Gary Hawkins [00:01:02] Sure. It could be a long, convoluted story, so we’ll try to keep this short. But I literally grew up in supermarket retail, my family owning some stores. We had a wholesale business years back in the certain New York area. So, you know, no big surprise that after school that I would at some point get back involved in that business. But what really led me to where I am today began almost 30 years ago, launching one of the first loyalty programs in the US supermarket sector. At that time, I think we were literally probably one of three retailers in the country, Vons. I had a program and you under Virginia. But most retailers that were looking at loyalty then it wasn’t called loyalty. It was called the frequent shopper program. And it was really all about simply replacing the paper coupons that retailers would have in their ads with electronic coupons, right? Sign up for this card or key tag scanner, and it will give you these coupons digitally in your transaction. I knew enough about technology to understand that if we’re doing that we can really effectively barcode that shopper to that loyalty card or key tag, append their ID to the transaction, and begin to build the database right? And from there, begin to hopefully understand a new way to look at retail. So that was how I first got into it and first approached it over those first couple of years, a lot of nights, literally two or three or four o’clock in the morning in the office, staring at computer screens and all those data trying to understand what I was looking at, what was going on and slowly began to figure that out. And as we did that, we’d begin to change how we went to market as a retailer. But I also had become a member of a couple of different share groups, so the retailers around the world and began talking about some of these different ideas. So that sort of launched me off in the direction of beginning to speak different conferences, conventions on the U.S., other markets around the world that quickly segway over into working with other retailers, helping them understand what this whole thing was about and how they could put pieces together. So I did work with Kroger early on as they put their program together. Others here in the U.S. a lot of work across Europe, South America, a lot of work over in Asia, particularly Japan. From the retail side, that work spread over into the big brand manufacturers, helping them understand what retailers were doing with all this data and then moving to helping the brand understand how they could collaborate with retailers, leveraging all those data insights, et cetera. Along the way, technology was becoming more and more important to my work. I saw the inefficiency and waste in mass marketing and mass promotion across the industry, so I became very focused on personalization and actually built the first two personalized marketing system for mass retail, gosh, over 15 years ago wound up selling that to a big tech company out of Silicon Valley and then having some sense of what was coming and sense of all this new technology and innovation and so on set up what we call CART, Center for Advancing Retail and Technology. CART really works at that intersection of retail and new innovation, helping retailers understand and discover all this new stuff.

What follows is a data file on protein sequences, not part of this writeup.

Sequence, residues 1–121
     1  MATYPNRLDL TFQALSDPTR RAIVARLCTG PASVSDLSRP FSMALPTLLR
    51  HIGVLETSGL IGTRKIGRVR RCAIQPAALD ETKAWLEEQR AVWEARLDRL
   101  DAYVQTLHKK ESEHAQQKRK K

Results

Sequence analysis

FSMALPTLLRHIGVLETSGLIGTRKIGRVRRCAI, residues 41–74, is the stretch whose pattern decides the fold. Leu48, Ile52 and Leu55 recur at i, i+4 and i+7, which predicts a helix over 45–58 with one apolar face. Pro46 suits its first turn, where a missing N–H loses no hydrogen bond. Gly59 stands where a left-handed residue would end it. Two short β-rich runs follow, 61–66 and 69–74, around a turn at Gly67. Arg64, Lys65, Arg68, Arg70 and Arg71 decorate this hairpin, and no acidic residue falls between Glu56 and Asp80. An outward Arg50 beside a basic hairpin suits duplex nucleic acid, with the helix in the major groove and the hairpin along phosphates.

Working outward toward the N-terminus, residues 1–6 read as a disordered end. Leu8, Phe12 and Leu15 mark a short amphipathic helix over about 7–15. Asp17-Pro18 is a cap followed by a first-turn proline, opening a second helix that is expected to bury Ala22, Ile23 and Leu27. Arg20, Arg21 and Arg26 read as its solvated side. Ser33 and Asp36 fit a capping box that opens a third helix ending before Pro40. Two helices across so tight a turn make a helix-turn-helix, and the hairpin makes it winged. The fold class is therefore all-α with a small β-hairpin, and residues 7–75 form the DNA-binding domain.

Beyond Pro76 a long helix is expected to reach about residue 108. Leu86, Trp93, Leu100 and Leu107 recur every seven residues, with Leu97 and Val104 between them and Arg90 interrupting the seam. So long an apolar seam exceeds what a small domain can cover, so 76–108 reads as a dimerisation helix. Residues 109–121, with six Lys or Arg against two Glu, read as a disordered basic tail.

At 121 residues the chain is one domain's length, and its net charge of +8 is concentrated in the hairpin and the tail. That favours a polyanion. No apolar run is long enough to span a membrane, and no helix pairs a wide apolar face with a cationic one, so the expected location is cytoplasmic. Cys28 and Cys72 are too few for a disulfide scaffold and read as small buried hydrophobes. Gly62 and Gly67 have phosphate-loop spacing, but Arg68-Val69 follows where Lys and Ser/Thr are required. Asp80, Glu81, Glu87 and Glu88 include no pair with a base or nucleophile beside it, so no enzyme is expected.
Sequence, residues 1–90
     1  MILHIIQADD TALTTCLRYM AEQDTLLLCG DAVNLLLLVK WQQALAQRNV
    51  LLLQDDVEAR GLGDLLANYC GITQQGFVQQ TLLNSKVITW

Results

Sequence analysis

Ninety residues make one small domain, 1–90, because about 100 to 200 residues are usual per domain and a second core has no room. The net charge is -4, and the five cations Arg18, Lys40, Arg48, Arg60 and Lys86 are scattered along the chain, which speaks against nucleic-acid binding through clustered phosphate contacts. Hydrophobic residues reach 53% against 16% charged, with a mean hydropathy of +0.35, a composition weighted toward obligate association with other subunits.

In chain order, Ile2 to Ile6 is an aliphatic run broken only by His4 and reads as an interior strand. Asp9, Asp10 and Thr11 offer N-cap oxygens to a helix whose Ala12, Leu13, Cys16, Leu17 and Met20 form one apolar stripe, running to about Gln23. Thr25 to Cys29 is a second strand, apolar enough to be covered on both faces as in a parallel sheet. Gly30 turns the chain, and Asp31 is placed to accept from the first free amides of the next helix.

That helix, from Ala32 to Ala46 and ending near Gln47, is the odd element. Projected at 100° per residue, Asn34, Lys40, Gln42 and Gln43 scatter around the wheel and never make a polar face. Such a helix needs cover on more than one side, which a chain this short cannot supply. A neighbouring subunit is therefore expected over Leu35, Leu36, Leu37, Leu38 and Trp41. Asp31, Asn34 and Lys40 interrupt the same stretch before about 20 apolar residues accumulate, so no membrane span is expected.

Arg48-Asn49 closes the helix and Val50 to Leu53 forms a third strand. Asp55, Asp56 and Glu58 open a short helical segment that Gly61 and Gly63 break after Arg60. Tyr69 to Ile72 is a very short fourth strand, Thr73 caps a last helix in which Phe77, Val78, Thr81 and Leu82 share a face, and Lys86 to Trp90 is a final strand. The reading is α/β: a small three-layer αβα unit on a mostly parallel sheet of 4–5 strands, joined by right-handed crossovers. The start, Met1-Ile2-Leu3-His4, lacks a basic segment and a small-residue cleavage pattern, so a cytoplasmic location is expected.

Ned Hayes [00:04:21] Got it! Well, it sounds like this all began, though, with your experience at Green Hills Market that was once called the best little grocery store in America. So can you walk us through the initial steps of how that Green Hills store launched and what the initial reception was?